Pharmacists: Senate Bill Enhances Drug Supply Chain Security, but also Threatens Patient Access to Essential Medications
Alexandria, Va. July 25, 2013 - National Community Pharmacists Association (NCPA) CEO B. Douglas Hoey, RPh, MBA issued the following statement today regarding S. 959, legislation that is expected to be considered soon in the full U.S. Senate:
“This legislation is comprised of two major components impacting independent community pharmacies and their patients.
“First, S. 959 seeks to enhance the security of the U.S. pharmaceutical supply chain by adopting national standards and policies, sometimes referred to as ‘track-and-trace,’ in place of a patchwork of conflicting state laws. NCPA appreciates the sensitivity of Senate and House lawmakers to try and avoid potentially burdensome legislative requirements that may uniquely impact small business community pharmacies, compared to national corporations with large compliance departments. NCPA has worked tirelessly to balance supply chain safety without adding onerous requirements on small business pharmacies. Federal track-and-trace legislation must achieve a common-sense balance between the need for enhanced patient safety and minimizing unreasonable burdens on supply chain stakeholders.
“Second, S. 959 attempts to respond to the tragic 2012 meningitis outbreak caused by the irresponsible actions of the New England Compounding Center and facilitated by a failure of the Massachusetts State Board of Pharmacy and the Food and Drug Administration (FDA), to appropriately coordinate, communicate and take action. When manufactured drugs aren't an option, independent community pharmacists prepare customized medications for patients in accordance with a prescriber’s prescription based on the patient's individual needs. Some of the legislation’s provisions, although well-intentioned, raise grave concerns as to how this legislation may inadvertently impact the small business community pharmacies that NCPA represents and the patients that they serve.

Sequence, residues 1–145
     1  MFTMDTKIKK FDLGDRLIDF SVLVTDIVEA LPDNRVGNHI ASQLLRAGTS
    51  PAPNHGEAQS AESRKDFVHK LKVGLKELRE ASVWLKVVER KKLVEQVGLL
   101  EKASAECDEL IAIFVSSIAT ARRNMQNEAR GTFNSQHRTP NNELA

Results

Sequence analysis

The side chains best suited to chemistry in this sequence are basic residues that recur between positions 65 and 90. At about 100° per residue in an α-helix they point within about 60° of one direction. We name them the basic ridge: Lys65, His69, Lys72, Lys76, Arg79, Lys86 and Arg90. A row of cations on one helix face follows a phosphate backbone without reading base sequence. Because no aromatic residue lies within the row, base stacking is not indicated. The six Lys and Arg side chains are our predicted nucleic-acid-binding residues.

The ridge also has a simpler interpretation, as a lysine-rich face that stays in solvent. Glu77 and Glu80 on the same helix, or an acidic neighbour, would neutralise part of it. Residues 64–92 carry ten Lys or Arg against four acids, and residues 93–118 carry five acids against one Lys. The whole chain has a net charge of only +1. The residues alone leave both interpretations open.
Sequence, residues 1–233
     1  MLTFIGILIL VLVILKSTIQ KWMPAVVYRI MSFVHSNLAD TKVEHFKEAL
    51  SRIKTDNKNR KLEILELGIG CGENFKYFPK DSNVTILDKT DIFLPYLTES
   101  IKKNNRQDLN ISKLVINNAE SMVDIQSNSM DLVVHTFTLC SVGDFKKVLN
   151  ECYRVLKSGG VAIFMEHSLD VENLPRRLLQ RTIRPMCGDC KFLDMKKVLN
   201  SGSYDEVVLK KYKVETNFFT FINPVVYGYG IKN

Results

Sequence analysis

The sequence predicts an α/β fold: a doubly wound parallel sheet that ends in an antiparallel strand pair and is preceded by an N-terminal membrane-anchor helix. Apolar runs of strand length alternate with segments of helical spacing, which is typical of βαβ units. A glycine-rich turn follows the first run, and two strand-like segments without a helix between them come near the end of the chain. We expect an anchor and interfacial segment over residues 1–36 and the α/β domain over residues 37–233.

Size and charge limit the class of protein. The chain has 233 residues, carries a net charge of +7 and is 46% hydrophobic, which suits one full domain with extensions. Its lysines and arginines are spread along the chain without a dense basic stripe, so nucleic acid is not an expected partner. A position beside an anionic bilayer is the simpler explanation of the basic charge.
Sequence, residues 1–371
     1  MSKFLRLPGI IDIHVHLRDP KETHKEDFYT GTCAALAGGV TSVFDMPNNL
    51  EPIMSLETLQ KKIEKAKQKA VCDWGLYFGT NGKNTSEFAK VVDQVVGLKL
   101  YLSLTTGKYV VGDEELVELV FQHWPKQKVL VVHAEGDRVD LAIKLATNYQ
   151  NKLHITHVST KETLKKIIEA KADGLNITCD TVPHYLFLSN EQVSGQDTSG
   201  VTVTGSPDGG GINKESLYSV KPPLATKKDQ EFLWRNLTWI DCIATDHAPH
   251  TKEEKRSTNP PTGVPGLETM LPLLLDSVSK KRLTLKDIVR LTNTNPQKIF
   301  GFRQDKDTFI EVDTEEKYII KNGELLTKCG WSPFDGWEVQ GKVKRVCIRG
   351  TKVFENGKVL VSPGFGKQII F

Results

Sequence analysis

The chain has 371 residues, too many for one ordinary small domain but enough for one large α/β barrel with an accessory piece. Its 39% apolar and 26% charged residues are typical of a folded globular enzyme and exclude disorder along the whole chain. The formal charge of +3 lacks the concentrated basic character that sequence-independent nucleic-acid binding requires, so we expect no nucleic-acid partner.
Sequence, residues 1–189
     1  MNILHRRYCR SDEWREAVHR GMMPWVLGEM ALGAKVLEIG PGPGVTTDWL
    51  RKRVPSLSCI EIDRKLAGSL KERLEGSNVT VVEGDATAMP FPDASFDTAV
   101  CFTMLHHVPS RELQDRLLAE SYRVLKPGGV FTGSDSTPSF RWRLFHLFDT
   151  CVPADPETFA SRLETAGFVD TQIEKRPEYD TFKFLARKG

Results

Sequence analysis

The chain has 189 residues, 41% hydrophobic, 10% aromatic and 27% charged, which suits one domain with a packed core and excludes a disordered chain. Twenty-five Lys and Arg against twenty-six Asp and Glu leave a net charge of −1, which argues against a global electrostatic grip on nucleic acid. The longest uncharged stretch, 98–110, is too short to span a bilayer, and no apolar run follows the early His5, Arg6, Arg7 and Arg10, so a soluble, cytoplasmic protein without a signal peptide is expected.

“For example, the bill would grant FDA unrestricted authority to establish a list of ‘do not compound’ medications which, based on FDA interpretation, could impact patient access to compounded drugs. Community pharmacies already struggle with growing regulatory mandates, yet the legislation would also require pharmacies to notify FDA, rather than their state Board of Pharmacy, when compounding medications already recognized by FDA as being in short supply. Moreover, NCPA is disappointed that the Senate is avoiding regular order in order to force through the controversial provisions included in S. 959 without adequate consideration, debate or amendments.
“NCPA staff spent countless hours working with Senators and Senate staff to educate them about these concerns. We are grateful that, as a result, the legislation is substantially improved; however, serious concerns remain with the legislation.
“Due to the concerns mentioned above, among others, NCPA recommends lawmakers split S. 959 into two separate bills, one dealing with supply chain safety and the other addressing the meningitis outbreak. Pharmaceutical stakeholders support the approach to enhancing supply chain integrity taken in S. 959. By contrast, significant questions remain regarding the compounding provisions included in S. 959. Lawmakers should move forward with supply chain integrity legislation, and continue to work constructively to resolve the remaining issues on compounding. As the legislative process continues, NCPA looks forward to continuing to work with the Senate and House to ensure any final legislation strikes a proper balance of making certain that future tragedies are avoided while also preserving patients’ access to vital compounds.”